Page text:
16 Incredible Cooking Tips (Slideshow)


Cooking is more than just following a recipe. The key is to know the right ways to prep, to use your ingredients, to clean up and how to prevent things from going wrong. Click through to check out some of our best cooking tips, and share your own in the comments!

Related: 8 Common Cooking Myths (Slideshow)


The Basics.

1. Carefully study a recipe before you start to cook. Sure, cooking is intuitive, but if you’re not clear on a certain concept, or don’t have a tool the recipe calls for, you’re setting yourself up for problems down the road.

2. Mise en place. This is so, so important. Mise en place is the art (and it is an art!) of having everything ready before you start cooking. Chop up all of those vegetables before turning on the burner. Grate the cheese before the oven goes on. Have that butter set out at room temperature all ready to go. If there’s any one thing you can do to make your food shine, having everything ready in advance is it. That way, food isn’t burning on the stovetop because you’re too busy prepping ingredients.

3. Knives. They’re key! Always use a sharp knife. Know how to properly hold a knife, and know the best way to use it. Using knives properly is an essential cooking skill, and an essential keeping all of your fingers skill, too. This video has great tips.

Also Check Out: 6 Breakfast Superfoods (Slideshow)


Fruits & Veggies.

4. Revive limp veggies like carrots, potatoes, asparagus and celery by placing them in a bowl of ice water and refrigerating for 45 minutes.

5. If you’re sauteing both onions and garlic, never add them in together, because garlic doesn’t require as much cooking time. Add onions first, and saute them for at least half of the cooking time before adding the garlic.

6. If you’re making something with citrus zest, always use organic fruit. In the United States, citrus fruits are sprayed with a number of pesticides and fungicides that tend to linger on the peel, and no amount of washing will remove them.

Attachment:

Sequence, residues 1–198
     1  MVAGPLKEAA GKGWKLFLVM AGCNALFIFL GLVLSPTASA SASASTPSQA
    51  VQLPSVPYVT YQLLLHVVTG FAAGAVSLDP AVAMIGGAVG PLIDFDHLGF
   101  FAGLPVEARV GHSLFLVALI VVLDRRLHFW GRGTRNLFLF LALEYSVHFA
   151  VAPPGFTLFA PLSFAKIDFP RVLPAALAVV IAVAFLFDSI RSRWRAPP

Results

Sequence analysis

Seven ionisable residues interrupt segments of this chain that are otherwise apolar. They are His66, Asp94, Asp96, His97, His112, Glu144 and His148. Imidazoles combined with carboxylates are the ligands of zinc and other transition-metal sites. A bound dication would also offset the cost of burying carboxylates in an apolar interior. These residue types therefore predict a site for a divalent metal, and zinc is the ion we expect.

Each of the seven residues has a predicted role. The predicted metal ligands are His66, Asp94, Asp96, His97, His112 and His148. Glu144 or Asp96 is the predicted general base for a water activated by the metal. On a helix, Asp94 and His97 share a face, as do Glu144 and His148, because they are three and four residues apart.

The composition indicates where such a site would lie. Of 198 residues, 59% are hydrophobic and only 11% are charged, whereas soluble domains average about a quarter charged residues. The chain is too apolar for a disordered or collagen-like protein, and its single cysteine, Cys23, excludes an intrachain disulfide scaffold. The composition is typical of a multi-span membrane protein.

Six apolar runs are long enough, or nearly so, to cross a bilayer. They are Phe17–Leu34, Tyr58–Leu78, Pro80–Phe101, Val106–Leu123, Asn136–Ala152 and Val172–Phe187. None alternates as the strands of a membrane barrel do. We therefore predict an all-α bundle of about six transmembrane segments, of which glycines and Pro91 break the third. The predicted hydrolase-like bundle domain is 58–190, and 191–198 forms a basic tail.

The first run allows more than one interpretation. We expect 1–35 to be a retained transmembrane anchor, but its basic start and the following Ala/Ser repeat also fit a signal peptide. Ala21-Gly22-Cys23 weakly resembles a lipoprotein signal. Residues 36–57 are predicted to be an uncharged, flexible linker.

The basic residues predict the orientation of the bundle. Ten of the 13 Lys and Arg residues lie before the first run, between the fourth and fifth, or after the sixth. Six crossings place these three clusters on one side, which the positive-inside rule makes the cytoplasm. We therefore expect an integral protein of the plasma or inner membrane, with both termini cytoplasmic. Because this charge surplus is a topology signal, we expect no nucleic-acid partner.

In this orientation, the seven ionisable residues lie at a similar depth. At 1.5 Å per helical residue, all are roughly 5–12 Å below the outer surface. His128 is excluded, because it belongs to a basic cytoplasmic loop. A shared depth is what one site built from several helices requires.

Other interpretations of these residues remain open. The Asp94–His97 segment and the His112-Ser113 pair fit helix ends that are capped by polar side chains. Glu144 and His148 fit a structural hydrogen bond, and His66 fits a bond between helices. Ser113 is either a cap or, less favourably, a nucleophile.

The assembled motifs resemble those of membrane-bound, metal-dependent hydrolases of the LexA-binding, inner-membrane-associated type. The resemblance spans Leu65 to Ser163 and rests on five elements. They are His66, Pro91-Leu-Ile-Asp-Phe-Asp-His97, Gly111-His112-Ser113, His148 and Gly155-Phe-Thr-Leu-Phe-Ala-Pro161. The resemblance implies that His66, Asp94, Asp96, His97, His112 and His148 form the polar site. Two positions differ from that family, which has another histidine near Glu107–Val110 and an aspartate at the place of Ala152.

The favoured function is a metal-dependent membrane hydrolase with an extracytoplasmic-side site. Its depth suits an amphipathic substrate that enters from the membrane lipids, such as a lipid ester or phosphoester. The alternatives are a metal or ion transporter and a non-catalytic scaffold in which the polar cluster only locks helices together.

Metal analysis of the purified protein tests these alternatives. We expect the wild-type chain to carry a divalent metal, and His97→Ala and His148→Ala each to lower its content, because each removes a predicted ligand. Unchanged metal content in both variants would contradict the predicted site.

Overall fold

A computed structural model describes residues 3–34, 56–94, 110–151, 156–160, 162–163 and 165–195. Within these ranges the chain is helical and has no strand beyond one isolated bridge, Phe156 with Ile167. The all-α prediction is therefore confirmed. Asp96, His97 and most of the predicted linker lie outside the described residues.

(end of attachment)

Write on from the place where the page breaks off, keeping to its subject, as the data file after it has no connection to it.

7. If tomatoes are too acidic for you, add some chopped carrots to the sauce or other tomato based food. It will cut down on the acid without compromising the flavor.

8. Nobody wants a soggy salad. Prevent that by putting an inverted saucer into the botton of the salad bowl before preparing. The water will drain under the saucer and stop the sogginess.

Earlier: 16 Ways to Use Spinach (Slideshow)


Eggs & Dairy.

9. Hate cleaning the cheese grater? Spray a little vegetable oil or nonstick cooking spray on the grater before you grate cheese. Clean up will be a breeze!

10. Separating an egg isn’t as hard as it sounds. Without breaking the yolk, crack an egg into a funnel placed in a small bowl or measuring cup. The white will go through the funnel.

11. Always use unsalted butter, so you can control the saltiness yourself. The same rule applies for stocks!

See Also: 11 Surprising Uses for Egg Cartons



12. Try this great trick for making stock. Place all of the ingredients in a metal pasta insert. Put it in the pot, and cook. Remove the insert when the stock is done.

13. Save the rinds of parmesan and romano cheese. Add to stocks and soups to boost the flavor.

14. To intensify the flavor of dried herbs, crush them and soak them in hot water for a few seconds before you use them.

15. Salt pasta water just as it is starting to boil. Always. 1-2 tablespoons per pound should do it, and, because most of the salt will not be absorbed by the pasta, it’s not a huge hit on your health.

16. For great, rich pasta sauces, set aside about 1/4 cup of the (salted!) pasta water before draining. When you’re stirring the pasta and sauce, add a little bit of the water at a time.

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Sonia M

Great article with good reminders and useful tips.Thanks for sharing

Froodo F.
Past Member 3 years ago

I even have been getting a lot of helpful and informative material in your web site. http://www.cookingbash.com/

Julianna D.
Juliana D5 years ago

Good tips, thanks!

Shanti S.
S S5 years ago

Thank you.

Genoveva M.
Genoveva M M5 years ago

Thanks for the useful tips.

iveta cer
Iveta Cer5 years ago


Mary ann S.
mary ann s5 years ago


Sylvia Wulf
Sylvia Wulf5 years ago

Ah yes - read the recipe through - it can save you from finding out too late that a part of the recipe must be started the day before! No, this has never happened to me.... it was a friend...honest! ;-)

Joy Wong
Joy W5 years ago


Susan B.
S D B5 years ago

Thank you